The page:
Quotes from the Buddha

“If with a pure mind a person speaks or acts, happiness follows them like a never-departing shadow.”

 

“Radiate boundless love towards the entire world.”

 

“As a mother would protect her only child with her life … cultivate a boundless love towards all beings.”

 

“Speak only endearing speech, speech that is welcomed. Speech, when it brings no evil to others, is a pleasant thing.”

 

“To support mother and father, to cherish partner* and children, and to be engaged in peaceful occupation — this is the greatest blessing.”

 

“Give, even if you only have a little.”

 

“Should you find a wise critic to point out your faults, follow him as you would a guide to hidden treasure.”

 

“One is not called noble who harms living beings. By not harming living beings one is called noble.”

“Know from the rivers in clefts and in crevices: those in small channels flow noisily, the great flow silent. Whatever’s not full makes noise. Whatever is full is quiet.”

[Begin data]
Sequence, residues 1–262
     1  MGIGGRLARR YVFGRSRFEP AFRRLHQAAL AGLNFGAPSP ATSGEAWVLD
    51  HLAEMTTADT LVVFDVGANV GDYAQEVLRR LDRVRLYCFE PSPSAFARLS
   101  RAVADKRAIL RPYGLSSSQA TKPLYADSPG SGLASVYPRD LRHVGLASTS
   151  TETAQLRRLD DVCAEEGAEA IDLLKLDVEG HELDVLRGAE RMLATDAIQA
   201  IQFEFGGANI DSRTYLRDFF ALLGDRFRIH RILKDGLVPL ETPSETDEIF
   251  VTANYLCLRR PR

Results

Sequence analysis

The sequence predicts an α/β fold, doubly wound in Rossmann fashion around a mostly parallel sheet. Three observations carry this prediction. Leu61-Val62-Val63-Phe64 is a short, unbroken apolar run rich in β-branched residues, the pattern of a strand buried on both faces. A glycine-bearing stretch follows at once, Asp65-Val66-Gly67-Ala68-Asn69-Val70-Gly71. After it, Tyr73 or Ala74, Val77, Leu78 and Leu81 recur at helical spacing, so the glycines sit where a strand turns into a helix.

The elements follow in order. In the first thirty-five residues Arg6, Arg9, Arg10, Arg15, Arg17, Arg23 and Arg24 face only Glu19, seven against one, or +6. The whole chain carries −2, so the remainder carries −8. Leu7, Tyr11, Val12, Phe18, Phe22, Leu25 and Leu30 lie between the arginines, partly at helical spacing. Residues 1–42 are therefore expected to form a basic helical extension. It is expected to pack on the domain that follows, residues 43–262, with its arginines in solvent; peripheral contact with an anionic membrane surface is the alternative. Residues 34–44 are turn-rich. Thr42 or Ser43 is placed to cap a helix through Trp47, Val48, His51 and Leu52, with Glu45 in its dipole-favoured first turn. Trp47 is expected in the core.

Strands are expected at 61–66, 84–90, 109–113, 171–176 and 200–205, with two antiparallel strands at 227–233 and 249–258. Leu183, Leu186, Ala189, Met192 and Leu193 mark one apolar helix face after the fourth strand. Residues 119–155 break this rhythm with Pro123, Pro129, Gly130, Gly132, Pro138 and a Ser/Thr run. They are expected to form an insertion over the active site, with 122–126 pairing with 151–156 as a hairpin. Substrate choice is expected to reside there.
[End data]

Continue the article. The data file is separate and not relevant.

Quotes from Tai Unno

 

Buddhism is a path of supreme optimism, for one of its basic tenets is that no human life or experience is to be wasted or forgotten, but all should be transformed into a source of wisdom and compassionate living.

 

Awakening is dynamic, Constantly evolving in accordance with life’s realities

 

When we mistake words for reality, we are subject to the tyranny of words.

 

Self-cultivation disciplines both body and mind, builds character and inner strength, curbs willfulness, and draws out the fullest potential of a person. It is central to Confucian educational process, Taoist psychosomatic training, Buddhist praxis based on precepts, contemplation, and wisdom, and the arts whether it be calligraphy, archery, painting, tea ceremony, floral arranging, or other cultural achievements.

 

 

“The relentless practice of just sitting  undertaken by the small self, the foolish self, sooner or later reaches its limits in self-power. When this occurs, then the awareness of a deeper immeasurable natural life comes alive. This is none other than the great compassion of Buddha that supports the sitting practice of the Zen student.”

 

 

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